The art of magic

Marcos González

Up to now there were little or no references of Ángeles Marcos- González’ work. She is a journalist that one day decided to give up her job and to dive into the Fine Arts’ teachings. A wise decision, if we look at her exhibition in Seville (May 1995), the first stop of a dawning career, which started on the inspiration of, and based on, the art of Cúchares.

Over fifty pieces, sculpture and paintings, make up the expositive coming out of somebody who feels art as the only way of life. Being aware of the difficulty of appearing publicly, Marcos-González sets forth in her paintings a unique and very personal re-creation of the art of magic, as José Bergamín defined bullfighting, whose symbols and presences, absences and suggestions, fill her paintings and sculptures.

But as she very well explains, Tauromías (which is the name she gave to this assortment of pieces) is just a plastic vision of bullfighting as she sees it, a peculiar way of understanding colour, tension, the essence which rises in a magic moment, wrapped in the colours of the sand of the bullring, red, blood and black. A life and death ritual, of space and time, held up in Marcos-González’ paintings all along over a decade of work searching for an arts language of her own.

Showing a meticulous, organized, structure, Marcos-Conzález’ paintings are a clear constructive lattice of shapes and suggestions full of colour.

Formal rigorousness is the feature which keeps together her work. Rigour and grace, both in the colour treatment and in the shapes layout: sensed figures, with blurred outlines, of a reality which only exists inside a plastic scenario of great surfaces with primary colours and Picassian expressions, risen under the air and nitre which you breath in the Mediterranean, already etched in her pieces as oxidation.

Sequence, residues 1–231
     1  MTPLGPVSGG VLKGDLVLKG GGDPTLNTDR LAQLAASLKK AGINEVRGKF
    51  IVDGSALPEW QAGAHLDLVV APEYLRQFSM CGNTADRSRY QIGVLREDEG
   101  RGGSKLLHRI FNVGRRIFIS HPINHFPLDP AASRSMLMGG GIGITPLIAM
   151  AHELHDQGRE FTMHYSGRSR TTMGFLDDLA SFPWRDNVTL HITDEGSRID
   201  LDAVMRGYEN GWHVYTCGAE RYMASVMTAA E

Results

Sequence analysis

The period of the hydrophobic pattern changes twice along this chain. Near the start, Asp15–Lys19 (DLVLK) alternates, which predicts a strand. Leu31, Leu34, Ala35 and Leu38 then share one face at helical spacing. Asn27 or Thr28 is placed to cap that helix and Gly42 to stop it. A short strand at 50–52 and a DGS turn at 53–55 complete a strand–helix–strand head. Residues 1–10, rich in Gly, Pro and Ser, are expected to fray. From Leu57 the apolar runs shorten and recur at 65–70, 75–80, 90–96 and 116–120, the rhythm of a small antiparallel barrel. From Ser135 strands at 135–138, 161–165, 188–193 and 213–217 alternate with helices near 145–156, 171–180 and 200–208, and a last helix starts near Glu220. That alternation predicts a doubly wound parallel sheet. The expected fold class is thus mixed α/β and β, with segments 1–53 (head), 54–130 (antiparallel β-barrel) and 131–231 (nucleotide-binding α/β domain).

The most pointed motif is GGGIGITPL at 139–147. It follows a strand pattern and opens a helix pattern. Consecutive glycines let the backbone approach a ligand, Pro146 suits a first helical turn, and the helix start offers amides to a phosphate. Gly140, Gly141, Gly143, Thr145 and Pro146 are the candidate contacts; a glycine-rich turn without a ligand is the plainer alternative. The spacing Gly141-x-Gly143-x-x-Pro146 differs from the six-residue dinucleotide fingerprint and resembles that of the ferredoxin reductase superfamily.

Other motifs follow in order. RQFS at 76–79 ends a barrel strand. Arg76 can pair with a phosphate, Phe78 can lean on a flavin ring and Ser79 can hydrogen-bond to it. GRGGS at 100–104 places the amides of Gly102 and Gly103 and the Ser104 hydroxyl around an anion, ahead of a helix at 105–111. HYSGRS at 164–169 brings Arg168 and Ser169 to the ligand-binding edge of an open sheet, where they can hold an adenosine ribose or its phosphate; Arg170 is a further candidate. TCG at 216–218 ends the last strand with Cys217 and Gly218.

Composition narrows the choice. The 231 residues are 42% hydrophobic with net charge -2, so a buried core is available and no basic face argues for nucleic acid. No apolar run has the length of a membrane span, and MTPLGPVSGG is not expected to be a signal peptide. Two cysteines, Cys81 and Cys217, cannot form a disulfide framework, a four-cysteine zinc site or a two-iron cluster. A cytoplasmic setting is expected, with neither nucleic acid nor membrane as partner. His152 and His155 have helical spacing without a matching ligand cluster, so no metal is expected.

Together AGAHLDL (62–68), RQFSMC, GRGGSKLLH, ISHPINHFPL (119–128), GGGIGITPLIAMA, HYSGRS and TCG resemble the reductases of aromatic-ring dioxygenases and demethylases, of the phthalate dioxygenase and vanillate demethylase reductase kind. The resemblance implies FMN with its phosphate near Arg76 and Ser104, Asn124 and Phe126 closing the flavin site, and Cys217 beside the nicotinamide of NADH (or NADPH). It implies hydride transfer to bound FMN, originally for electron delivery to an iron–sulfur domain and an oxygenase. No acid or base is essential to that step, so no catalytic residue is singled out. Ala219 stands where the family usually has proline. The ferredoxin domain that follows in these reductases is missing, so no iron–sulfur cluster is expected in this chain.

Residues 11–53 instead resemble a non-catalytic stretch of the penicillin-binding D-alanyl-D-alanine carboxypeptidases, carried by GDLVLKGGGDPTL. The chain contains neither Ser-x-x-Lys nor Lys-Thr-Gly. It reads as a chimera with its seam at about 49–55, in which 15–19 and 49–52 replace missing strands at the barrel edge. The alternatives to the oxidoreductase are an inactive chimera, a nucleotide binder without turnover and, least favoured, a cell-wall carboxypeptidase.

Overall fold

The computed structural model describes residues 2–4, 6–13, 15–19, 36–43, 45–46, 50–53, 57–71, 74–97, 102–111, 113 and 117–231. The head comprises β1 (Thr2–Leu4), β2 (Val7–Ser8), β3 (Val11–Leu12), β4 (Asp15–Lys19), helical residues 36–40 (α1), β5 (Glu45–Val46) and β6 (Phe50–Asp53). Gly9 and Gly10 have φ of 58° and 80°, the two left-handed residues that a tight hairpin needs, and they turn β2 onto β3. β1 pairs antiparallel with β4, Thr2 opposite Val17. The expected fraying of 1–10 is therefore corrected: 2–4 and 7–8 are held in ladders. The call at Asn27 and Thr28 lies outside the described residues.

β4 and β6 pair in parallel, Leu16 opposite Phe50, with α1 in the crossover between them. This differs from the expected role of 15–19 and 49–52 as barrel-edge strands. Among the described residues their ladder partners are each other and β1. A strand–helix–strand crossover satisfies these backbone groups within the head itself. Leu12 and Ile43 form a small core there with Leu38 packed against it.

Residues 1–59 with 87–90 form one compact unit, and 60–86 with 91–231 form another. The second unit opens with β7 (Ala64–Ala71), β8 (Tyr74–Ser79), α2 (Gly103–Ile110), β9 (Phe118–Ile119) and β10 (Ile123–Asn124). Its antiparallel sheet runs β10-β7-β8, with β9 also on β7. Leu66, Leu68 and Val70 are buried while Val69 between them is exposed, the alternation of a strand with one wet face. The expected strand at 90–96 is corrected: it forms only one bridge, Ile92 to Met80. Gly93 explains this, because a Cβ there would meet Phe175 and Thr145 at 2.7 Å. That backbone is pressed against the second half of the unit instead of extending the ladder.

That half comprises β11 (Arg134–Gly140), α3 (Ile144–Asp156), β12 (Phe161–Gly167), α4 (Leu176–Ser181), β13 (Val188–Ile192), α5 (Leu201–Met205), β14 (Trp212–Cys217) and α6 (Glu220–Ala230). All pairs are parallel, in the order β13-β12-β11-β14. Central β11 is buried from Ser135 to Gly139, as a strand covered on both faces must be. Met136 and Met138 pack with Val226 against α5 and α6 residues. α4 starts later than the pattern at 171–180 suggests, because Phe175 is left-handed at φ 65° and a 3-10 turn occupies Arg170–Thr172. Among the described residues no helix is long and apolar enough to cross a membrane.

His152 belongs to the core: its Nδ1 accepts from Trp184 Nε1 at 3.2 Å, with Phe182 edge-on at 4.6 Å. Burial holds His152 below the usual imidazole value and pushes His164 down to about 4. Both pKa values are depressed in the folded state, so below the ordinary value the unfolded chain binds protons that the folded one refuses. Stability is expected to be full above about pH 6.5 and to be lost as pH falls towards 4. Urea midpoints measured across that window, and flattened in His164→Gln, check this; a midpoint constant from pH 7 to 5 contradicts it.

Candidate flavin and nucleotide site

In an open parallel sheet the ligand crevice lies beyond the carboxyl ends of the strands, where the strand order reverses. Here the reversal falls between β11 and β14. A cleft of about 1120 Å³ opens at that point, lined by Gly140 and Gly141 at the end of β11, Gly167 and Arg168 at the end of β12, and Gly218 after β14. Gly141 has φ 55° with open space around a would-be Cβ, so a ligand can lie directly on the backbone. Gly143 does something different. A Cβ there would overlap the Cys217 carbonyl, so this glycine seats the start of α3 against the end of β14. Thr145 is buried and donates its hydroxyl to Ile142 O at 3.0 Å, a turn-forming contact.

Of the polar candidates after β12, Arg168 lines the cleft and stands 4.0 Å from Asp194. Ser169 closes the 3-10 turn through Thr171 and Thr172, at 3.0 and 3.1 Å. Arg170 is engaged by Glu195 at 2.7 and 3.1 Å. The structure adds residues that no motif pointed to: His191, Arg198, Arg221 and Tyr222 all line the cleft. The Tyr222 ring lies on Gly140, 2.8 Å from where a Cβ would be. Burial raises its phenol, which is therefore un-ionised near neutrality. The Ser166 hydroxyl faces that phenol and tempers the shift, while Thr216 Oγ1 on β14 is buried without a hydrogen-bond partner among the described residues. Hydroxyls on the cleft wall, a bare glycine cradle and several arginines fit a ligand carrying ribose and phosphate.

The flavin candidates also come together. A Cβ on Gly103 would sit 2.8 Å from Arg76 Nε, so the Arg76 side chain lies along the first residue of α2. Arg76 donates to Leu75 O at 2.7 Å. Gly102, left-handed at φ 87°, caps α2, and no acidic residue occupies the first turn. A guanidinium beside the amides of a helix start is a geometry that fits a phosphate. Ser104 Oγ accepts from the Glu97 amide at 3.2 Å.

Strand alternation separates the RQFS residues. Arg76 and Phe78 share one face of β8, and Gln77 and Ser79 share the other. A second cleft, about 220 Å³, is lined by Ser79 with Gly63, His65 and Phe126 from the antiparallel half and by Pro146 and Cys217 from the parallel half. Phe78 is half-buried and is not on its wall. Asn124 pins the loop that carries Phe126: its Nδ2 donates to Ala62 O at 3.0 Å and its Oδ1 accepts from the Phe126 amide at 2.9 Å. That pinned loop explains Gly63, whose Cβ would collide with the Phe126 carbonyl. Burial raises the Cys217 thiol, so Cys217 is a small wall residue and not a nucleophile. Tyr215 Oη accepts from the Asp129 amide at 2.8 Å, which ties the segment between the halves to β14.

As Malraux used to say about Goya, Marcos-González knows, as no other coeval artist does, also how to establish an open dialogue with the public, thanks to a work without aesthetic and discursive claims, which travels with its own personality through a universe full of references without any sort of complexes.

When we say that in Marcos-Gpnzález’ work we find the influence of Paul Klee –because of the plainness of her forms –, of Miró – because of the strong Mediterranean character – of Picasso - because of the synthesis she makes of the bull, very much in line with the Vollard suite by the Malaga painter –, of Arp –, because of the monochromatic fragments endowed with a strange mobility, we reveal the names which for sure are etched in the plastic spirit of Marcos-González. A simple look at her sculptures gives birth to the old bicycle seat hanging from the wall at Villa California, one of the last of Picasso’s homes, and where it appears as if Marcos-González had drawn all the inner space of Picasso’s piece.

Marcos-González has presented her paintings in Seville, perhaps because it is the cradle of bullfighters and source of art. Bullfighting is just the excuse to affirm, like Bergamín does, that every language conveys itself, and Marcos-González has drifted away from her work observing it from a distance, she has confronted her pieces developed to exhaustion all along her working life. Oxidation is her discovery; shape, the central element; colour, the space where the bull’s gaze moves since its refuge; the picador’s hat, the opening stage of the bullfight, the second stage, an idea, an aesthetic illusion which helps this artist to step into the difficult world of art. Welcome.

José Antonio Chacón. Art critic for Diario 16. “Tauromías” Exhibition in Sala Winterthur. Seville. May 1995.

José Antonio Chacón, Art critic for Diario 16.
“Tauromías” Exhibition in Sala Winterthur. Seville. Mayo 1995.


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